We coded SPs' adherence to role by creating a coding system based on the role transcript that we had used to train the SPs. We extracted from the transcript 20 items that covered the most important aspects of the role. We used a 1 – 5 point coding system for each section of the transcript with 1 being inaccurate or not portrayed at all to 5 being very accurate portrayal of that part of the role. Undergraduate research assistants rated each major item of role content on this 1-5 scale and we calculated the overall percentage of adherence by dividing the mean score by 5.

2.3. Statistical analysis

We examined study variables for their adherence to assumptions of normality and for the presence of outliers. No variables violated the assumptions. We then conducted correlation and regression analyses to examine which variables explained variance in prognosis communication.

3. Results

3.1 Descriptive statistics

Table 5 shows the means and standard deviations of the study variables. There was a non-significant trend for oncologists to engage in more Prognosis Communication (for both mean and frequency) with the SPs than family physicians. Physicians engaged in more eliciting and validating than prognosis communication (t = 5.07, p < .001). SP visits to physicians' offices averaged 30.32 (SD=12.90) minutes in length.

Table 5
Descriptive Statistics

3.2 Reliability and validity of SP role portrayal

The mean adherence level was 92% for all the visits. The level of prompted detection of visits reported by physicians was 14%. This high level of adherence and low detection rate indicates that our SP role and training was successful in presenting a cancer patient SP to community physicians and that the detection rate was similar to other studies.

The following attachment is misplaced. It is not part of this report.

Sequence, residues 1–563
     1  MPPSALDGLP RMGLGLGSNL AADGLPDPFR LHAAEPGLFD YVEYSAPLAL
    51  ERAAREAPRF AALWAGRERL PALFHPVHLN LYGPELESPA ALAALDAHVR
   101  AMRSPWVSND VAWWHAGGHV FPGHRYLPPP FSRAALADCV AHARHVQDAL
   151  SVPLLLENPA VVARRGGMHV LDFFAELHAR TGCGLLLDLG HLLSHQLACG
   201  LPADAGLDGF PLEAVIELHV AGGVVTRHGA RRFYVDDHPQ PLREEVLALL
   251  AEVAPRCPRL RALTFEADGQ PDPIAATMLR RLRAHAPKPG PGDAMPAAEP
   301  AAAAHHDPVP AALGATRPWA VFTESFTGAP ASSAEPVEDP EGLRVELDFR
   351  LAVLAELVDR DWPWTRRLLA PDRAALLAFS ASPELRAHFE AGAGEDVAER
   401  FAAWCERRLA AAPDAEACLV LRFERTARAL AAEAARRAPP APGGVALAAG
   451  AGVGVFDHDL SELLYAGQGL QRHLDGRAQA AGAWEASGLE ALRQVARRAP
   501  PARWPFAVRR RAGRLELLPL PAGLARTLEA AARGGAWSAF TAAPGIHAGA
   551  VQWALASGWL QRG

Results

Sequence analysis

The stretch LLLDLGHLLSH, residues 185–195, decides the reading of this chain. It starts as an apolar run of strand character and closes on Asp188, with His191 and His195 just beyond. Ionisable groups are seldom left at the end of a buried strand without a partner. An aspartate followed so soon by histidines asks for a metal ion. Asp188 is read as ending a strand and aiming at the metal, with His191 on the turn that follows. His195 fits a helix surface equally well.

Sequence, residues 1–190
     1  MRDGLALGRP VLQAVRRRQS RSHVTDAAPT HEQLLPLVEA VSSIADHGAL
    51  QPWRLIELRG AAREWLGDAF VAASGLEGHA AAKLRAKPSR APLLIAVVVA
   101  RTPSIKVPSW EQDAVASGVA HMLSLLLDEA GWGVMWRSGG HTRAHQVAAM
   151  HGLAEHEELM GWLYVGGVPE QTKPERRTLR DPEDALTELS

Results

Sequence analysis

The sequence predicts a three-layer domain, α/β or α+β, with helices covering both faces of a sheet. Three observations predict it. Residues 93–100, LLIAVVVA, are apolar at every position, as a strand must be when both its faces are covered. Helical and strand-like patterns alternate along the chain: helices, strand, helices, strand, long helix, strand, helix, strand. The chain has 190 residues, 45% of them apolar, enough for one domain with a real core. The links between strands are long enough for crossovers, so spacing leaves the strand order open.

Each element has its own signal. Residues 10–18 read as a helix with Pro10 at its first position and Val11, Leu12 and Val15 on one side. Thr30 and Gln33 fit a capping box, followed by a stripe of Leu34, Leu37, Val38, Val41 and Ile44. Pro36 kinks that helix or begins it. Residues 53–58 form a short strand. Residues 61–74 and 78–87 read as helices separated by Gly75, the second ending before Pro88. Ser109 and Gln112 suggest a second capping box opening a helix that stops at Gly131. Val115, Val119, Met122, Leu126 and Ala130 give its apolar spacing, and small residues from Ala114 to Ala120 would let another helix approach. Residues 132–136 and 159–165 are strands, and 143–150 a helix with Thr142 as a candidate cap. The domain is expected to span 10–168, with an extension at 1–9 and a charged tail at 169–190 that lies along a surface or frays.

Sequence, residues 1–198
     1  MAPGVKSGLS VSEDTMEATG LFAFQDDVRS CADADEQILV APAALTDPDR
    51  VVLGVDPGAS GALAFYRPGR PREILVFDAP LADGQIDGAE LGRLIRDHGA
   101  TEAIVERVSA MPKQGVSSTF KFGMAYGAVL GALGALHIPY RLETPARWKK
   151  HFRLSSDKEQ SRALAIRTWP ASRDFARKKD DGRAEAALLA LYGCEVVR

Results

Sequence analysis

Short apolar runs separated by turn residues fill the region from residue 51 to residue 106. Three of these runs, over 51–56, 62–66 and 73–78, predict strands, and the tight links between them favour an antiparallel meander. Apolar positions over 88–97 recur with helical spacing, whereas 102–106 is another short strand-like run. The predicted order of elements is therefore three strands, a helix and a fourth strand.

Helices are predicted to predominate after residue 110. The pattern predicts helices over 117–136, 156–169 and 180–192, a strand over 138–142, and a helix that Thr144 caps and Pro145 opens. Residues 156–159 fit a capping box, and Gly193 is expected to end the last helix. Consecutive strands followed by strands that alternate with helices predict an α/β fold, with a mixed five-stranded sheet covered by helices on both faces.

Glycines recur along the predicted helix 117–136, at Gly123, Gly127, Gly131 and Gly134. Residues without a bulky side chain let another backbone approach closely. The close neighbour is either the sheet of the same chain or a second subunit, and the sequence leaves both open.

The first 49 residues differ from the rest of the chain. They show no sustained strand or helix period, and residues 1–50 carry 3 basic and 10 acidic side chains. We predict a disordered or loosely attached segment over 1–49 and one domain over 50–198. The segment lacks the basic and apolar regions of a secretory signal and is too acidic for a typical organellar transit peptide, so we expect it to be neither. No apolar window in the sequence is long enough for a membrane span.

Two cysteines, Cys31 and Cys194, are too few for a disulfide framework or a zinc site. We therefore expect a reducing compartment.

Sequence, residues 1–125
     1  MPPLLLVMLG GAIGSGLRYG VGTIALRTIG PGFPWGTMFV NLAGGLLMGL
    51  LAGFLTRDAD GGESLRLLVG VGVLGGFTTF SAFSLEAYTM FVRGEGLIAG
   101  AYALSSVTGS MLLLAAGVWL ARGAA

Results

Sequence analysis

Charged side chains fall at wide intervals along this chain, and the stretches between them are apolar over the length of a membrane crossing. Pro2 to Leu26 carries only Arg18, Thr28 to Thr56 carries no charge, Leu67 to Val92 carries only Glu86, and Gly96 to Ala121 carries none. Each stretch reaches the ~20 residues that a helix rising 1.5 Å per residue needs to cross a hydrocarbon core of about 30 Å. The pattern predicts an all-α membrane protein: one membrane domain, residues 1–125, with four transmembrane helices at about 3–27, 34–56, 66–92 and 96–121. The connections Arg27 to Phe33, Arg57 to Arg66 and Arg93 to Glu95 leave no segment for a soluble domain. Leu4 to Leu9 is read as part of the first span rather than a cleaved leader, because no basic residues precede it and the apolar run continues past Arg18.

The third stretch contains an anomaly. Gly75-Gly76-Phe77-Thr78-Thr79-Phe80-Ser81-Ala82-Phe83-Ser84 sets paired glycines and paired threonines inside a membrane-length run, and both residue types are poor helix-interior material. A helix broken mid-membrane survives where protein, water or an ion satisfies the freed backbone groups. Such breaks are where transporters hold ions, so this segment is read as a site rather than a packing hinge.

3.2 Correlational analyses

Table 6 shows the correlations between study variables. Prognosis communication is correlated with eliciting and validating (r=.44, p<.005), significantly correlated with attentive voice tone (r=.50, p<.005), marginally correlated with length of visit (r=.28, p<.10), and marginally correlated with physician specialty (i.e., being an oncologist) (r=.31, p<.10). Note that though eliciting and validating were correlated with prognosis, they only share 19% of variance, which supports our contention that they are not measuring the same construct. Oncologists' score on prognosis was 11.7 (SD=7.3) compared to 7.7 (SD=5.5) for family physicians, but the difference was not quite significant (t=1.93, p = .06). Both oncologists and family physicians did discuss prognosis with oncologists addressing an average of 4.5 (SD=2.2) prognosis issues per session and family physicians discussing 3.4 (SD=2.1) prognosis issues per session (t=1.91, p = .06). Physician age, gender, and ethnicity were not significantly correlated with prognosis communication.

Table 6
Correlations of Study Variables

Attentive voice tone was correlated with eliciting and validating (r=.33, p<.05) and marginally with physician age, with younger physicians being rated as more attentive (r=.28, p<.10). Length of visit was also marginally correlated with eliciting and validating (r=.26, p<10). Physicians of European descent were more likely to be female than physicians from Asia or the Middle-East (χ2 = 4.28, p=.05).

3.4 Multiple regression analyses

Table 7 shows the results of a multiple regression analysis of voice tone, eliciting and validating patient concerns, physician demographics, and visit length on prognosis communication. Attentive voice tone (β = 0.32, p<.05), eliciting and validating patient concerns (β = 0.40, p<.005), and being an oncologist (β = 0.43, p<.005) were each associated with prognosis communication. The model accounted for 46% of the variance in prognosis communication.